JavaScript: inline functions vs predefined functions

JavaScript: inline functions vs predefined functions

Can any body throw me some arguments for using inline functions against passing predefined function name to some handler.
I.e. which is better:
(function() {
setTimeout(function() { /*some code here*/ }, 5);
})();

versus
(function() {
function invokeMe() {
/*code*/
}
setTimeout(invokeMe, 5);
})();

Strange question, but we are almost fighting in the team about this.

Solutions/Answers:

Solution 1:

Named functions

There is some serious misuse of terminology in the question and answers on this page. There is nothing about whether or not a function is inline (a function expression) that says you cannot name it.

This is using a function expression:

setTimeout(function doSomethingLater() { alert('In a named function.'); }, 5);

and this is using a function statement:

function doSomethingLater() { alert('In a named function.'); }
setTimeout(doSomethingLater, 5);

Both examples are using named functions and both get the same benefits when it comes to debugging and profiling tools!

If the name is specified (the text after “function” but before the parenthesis) then it is a named function regardless of whether it is inline or declared separately. If the name is not specified then it is “anonymous”.

Note: T.J. points out that IE mishandles named function expressions in a non-trivial way (See: http://kangax.github.com/nfe/#jscript-bugs) and this is important to note, I’m simply trying to make a point about the terminology.

Which should you use?

In response to your direct question, you should use a named function statement if the function could ever be used from any other place in your code. If the function is being used in exactly one place and has no relevance anywhere else then I would use a function expression unless it is prohibitively long or otherwise feels out of place (for style reasons). If you use an inline function expression then it is often useful to name it anyway for the purposes of debugging or code clarity.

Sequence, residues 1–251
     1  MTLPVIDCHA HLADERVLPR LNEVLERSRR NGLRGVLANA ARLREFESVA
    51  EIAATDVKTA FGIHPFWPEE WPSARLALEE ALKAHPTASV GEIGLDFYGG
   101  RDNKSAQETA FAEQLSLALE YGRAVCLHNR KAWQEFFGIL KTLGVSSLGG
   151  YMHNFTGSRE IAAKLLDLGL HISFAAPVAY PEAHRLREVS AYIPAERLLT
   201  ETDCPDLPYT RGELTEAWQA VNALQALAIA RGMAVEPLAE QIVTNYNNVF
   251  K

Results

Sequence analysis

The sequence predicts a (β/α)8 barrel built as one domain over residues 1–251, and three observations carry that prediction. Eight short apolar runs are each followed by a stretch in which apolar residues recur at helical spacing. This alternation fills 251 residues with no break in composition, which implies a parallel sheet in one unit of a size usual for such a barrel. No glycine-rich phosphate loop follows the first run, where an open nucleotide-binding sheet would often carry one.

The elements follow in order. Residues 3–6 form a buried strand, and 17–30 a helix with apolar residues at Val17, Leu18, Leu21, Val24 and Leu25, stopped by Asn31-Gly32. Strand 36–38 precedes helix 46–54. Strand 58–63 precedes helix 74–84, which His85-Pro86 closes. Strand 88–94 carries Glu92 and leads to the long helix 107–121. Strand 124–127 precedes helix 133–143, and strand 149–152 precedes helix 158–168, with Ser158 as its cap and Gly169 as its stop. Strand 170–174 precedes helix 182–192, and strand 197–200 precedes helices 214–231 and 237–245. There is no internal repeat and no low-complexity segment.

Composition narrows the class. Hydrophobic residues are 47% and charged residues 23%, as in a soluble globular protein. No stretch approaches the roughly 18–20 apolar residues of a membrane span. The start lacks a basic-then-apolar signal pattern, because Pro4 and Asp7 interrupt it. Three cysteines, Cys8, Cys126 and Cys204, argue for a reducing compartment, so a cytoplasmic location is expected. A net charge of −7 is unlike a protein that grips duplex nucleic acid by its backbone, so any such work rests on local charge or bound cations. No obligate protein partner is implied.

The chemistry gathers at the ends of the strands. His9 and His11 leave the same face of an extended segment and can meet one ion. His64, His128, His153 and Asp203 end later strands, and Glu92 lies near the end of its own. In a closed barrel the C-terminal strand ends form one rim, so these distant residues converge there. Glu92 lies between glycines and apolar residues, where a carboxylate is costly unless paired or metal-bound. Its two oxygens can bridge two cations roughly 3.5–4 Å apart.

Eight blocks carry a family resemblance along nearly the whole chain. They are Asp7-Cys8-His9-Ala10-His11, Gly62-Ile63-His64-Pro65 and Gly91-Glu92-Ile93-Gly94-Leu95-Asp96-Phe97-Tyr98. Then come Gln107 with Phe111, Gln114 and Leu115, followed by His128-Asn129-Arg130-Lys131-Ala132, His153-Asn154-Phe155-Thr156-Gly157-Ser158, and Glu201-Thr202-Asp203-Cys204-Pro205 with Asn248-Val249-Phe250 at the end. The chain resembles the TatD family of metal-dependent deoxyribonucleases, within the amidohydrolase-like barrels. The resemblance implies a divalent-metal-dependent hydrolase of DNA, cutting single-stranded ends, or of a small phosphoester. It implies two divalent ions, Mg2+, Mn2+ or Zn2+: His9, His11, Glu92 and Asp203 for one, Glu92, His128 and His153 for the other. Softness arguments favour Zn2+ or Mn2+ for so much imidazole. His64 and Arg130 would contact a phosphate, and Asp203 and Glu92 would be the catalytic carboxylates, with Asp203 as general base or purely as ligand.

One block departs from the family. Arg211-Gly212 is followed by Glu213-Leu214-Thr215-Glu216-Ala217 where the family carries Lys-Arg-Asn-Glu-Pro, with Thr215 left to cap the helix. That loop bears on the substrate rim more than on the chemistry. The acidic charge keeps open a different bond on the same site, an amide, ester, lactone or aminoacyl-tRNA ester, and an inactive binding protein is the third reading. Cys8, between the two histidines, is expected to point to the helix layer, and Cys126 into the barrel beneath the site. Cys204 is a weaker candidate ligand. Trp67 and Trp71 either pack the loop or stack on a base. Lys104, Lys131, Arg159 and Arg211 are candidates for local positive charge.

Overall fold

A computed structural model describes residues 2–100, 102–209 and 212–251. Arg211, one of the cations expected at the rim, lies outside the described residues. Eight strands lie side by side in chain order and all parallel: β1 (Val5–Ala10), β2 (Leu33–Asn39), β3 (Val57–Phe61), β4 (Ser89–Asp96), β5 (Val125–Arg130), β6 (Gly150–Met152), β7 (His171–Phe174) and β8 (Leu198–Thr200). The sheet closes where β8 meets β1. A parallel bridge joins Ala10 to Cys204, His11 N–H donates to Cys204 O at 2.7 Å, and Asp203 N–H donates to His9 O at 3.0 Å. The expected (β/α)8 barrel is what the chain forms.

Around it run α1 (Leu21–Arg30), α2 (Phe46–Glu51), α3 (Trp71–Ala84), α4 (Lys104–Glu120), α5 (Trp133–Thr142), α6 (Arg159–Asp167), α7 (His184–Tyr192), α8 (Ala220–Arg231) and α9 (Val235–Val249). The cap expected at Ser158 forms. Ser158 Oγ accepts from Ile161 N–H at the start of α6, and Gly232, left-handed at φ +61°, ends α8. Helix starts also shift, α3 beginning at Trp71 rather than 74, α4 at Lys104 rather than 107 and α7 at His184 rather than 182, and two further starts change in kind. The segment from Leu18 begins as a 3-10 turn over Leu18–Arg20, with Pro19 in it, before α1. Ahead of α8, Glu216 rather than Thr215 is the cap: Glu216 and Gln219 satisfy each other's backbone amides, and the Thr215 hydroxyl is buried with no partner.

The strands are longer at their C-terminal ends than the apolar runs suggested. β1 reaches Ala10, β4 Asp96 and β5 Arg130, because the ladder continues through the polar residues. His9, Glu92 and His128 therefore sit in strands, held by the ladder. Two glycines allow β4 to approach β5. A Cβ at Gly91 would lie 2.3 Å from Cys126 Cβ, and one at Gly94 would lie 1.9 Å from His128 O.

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Memory leaks

Whether you name your function, use a function statement, or use a function expression has little impact on the memory leak issue. Let me try to explain what causes these leaks. Take a look at this code:

(function outerFunction() {
    var A = 'some variable';

   doStuff();
})();

In the code above, when “outerFunction” finishes “A” goes out of scope and can be garbage collected, freeing that memory.

What if we add a function in there?

(function outerFunction() {
    var A = 'some variable';

   setTimeout(function(){ alert('I have access to A whether I use it or not'); }, 5);
})();

In this code (above) the function expression we are passing to setTimeout has a reference to “A” (through the magic of closure) and even after “outerFunction” finishes “A” will remain in memory until the timeout is triggered and the function is dereferenced.

What if we pass that function to something other than setTimeout?

(function outerFunction() {
    var A = 'some variable';

   doStuff(function(){ alert('I have access to A whether I use it or not'); });
})();

function doStuff(fn) {
    someElement.onclick = fn;
}